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Personal accountability in healthcare: searching for the right balance
  1. Robert M Wachter
  1. Department of Medicine, University of California, San Francisco, California, USA
  1. Correspondence to Dr Robert M Wachter, Department of Medicine, University of California, San Francisco, Room M-994, 505 Parnassus Avenue, San Francisco, CA 94143-0120, USA; bobw{at}medicine.ucsf.edu

Abstract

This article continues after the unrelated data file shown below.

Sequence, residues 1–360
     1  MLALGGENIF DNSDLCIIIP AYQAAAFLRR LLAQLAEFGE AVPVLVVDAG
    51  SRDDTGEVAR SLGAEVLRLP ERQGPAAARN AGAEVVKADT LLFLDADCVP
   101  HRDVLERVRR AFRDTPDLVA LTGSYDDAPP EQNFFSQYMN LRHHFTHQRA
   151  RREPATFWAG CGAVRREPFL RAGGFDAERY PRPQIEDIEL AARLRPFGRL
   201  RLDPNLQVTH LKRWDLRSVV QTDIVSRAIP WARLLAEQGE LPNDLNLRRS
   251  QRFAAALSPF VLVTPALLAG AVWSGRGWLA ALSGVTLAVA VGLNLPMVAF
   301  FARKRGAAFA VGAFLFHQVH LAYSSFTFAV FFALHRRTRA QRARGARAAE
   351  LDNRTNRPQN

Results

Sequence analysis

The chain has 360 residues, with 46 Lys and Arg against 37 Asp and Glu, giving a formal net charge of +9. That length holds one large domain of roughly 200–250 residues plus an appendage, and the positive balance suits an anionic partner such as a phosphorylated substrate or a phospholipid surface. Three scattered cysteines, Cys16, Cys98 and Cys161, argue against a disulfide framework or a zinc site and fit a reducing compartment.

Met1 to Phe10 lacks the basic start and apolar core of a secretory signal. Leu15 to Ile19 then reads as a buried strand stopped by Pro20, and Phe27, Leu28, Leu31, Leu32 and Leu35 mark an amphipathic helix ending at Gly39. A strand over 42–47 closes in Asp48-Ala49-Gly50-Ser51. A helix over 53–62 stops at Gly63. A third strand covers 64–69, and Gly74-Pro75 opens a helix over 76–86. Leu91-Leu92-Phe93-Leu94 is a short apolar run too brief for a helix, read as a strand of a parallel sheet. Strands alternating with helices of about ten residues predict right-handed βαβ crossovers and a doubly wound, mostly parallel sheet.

While the patient safety field has emphasised ‘systems thinking’ as its central theme, experts have pointed to the need to balance this ‘no blame’ approach with the need for accountability in certain circumstances, such as failure to heed reasonable safety standards. Our growing appreciation of the importance of accountability raises several new questions, including the relative roles of personal versus institutional accountability, and the degree to which personal accountability should be enforced by outside parties (such as peers, patients, healthcare systems or regulators) versus professionals themselves (‘professionalism’). Identifying the appropriate locus for accountability is likely to be highly influenced by the structure and culture of the healthcare system; thus, answers in the UK will undoubtedly be different from those in the USA. Ultimately, a robust approach to patient safety will balance ‘no blame’ with accountability, and will also parse the correct target for accountability in a way that maximises fairness and effectiveness.

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